Urinary stones are a build-up of minerals in the urine that can eventually form a hard mass, called a stone. Stones occur in almost 25% of people with a spinal cord injury within the first 10 years.
Risk factors for forming stones
When the bladder doesn’t empty properly the minerals in the urine may form stones. SCI increases your risk of developing stones.
One risk factor for stone formation post-injury is caused by increased calcium that is present in the urine because you are not using your bones to move around and they start to lose calcium. The body gets rid of the excess calcium via the urine. This excess calcium may start to bunch together over time and form a stone.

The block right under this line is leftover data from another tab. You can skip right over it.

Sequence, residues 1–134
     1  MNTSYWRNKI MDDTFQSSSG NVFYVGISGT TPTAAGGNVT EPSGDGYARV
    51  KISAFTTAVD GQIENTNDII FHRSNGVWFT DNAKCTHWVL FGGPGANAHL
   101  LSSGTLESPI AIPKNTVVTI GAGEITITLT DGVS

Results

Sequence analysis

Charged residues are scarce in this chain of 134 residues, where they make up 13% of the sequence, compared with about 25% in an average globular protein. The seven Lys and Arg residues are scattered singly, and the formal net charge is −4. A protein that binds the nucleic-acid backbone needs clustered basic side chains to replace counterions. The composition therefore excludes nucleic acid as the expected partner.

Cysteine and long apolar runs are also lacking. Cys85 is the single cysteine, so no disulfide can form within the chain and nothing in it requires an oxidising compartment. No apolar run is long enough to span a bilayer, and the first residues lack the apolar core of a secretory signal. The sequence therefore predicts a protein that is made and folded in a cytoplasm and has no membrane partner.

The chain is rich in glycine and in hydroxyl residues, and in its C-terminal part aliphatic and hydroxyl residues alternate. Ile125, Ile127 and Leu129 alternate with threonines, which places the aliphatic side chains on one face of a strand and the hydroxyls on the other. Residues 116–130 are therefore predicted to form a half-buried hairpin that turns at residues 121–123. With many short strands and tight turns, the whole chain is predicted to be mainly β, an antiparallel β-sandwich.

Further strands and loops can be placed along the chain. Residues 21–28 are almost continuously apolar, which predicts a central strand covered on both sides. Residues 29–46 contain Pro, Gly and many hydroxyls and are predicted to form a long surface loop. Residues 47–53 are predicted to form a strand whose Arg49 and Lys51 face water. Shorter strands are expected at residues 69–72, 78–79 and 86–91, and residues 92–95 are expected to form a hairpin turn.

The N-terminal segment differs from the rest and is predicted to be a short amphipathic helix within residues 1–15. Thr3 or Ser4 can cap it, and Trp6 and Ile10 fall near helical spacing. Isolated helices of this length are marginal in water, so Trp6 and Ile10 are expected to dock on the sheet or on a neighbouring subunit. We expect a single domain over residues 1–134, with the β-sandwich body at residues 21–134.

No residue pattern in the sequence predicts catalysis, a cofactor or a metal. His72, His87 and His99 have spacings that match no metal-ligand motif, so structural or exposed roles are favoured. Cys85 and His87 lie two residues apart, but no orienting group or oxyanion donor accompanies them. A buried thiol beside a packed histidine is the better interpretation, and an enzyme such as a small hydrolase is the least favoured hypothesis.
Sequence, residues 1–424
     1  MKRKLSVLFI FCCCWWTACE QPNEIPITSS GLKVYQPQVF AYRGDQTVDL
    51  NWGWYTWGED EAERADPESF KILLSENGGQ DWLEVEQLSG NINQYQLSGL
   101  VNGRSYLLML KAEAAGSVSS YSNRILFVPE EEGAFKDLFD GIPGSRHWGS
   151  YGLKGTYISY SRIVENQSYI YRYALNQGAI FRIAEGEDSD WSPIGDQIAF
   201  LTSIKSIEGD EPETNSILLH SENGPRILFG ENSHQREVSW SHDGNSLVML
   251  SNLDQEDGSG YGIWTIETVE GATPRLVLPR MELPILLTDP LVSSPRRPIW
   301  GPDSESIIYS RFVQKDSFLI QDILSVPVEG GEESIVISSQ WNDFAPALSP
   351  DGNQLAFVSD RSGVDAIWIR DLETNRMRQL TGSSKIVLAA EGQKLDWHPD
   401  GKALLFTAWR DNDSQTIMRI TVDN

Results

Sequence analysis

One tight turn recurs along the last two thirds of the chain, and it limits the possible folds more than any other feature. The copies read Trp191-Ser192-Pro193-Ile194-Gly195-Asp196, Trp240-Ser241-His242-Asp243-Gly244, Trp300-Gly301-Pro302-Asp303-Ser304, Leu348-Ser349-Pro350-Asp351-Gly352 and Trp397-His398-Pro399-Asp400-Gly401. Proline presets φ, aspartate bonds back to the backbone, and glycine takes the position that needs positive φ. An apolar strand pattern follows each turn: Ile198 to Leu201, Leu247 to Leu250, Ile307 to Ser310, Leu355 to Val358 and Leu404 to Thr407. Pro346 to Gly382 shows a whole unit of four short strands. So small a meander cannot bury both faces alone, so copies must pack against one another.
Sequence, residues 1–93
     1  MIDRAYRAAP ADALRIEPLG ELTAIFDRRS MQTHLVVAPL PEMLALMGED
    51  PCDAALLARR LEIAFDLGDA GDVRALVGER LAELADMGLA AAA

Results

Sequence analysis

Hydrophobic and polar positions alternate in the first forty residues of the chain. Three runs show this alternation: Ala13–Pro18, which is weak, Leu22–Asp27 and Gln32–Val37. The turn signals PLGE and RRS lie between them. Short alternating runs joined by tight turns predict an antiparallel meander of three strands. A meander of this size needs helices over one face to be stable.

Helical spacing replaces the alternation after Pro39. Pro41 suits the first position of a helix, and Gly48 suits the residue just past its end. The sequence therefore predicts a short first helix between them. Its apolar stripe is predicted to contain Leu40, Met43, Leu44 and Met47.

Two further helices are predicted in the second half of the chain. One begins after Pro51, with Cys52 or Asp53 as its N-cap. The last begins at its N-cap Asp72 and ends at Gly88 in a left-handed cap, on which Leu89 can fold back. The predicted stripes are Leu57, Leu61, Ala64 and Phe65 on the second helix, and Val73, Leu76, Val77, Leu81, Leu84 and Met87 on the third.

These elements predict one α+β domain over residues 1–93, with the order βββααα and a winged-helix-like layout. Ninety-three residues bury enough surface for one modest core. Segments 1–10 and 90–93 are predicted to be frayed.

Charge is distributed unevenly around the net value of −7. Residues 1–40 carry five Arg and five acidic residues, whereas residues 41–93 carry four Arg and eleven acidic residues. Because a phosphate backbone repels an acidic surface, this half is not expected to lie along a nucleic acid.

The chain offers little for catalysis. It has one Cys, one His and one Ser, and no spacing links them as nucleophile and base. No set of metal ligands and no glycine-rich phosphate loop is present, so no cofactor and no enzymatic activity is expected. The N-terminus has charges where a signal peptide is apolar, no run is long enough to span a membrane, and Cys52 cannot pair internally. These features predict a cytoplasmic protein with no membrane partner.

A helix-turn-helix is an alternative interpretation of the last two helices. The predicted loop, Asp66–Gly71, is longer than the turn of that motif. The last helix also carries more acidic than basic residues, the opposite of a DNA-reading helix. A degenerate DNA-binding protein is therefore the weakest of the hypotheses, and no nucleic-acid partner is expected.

Bladder stones are also more likely to form if there is a foreign body in the bladder such as an indwelling catheter.
Signs and symptoms
Bladder stones may not have any signs or symptoms and might be discovered during other tests or procedures.
If a stone irritates the bladder there may be signs and symptoms such as:
- Recurrent urinary tract infection
- Autonomic dysreflexia
- Lower abdominal pain
- Leaking or frequent urination
- Blood in your urine.
Prevention of stones
Because bladder stones form due to an underlying condition that is hard to prevent, it may be impossible to completely prevent them forming, however there are ways of minimising stone formation.
If you have an indwelling catheter drink plenty of fluids (especially water). If your urine is less concentrated, there is a lower chance of a stone forming.
Have regular check-ups. This can help detect a stone before it becomes a bigger problem.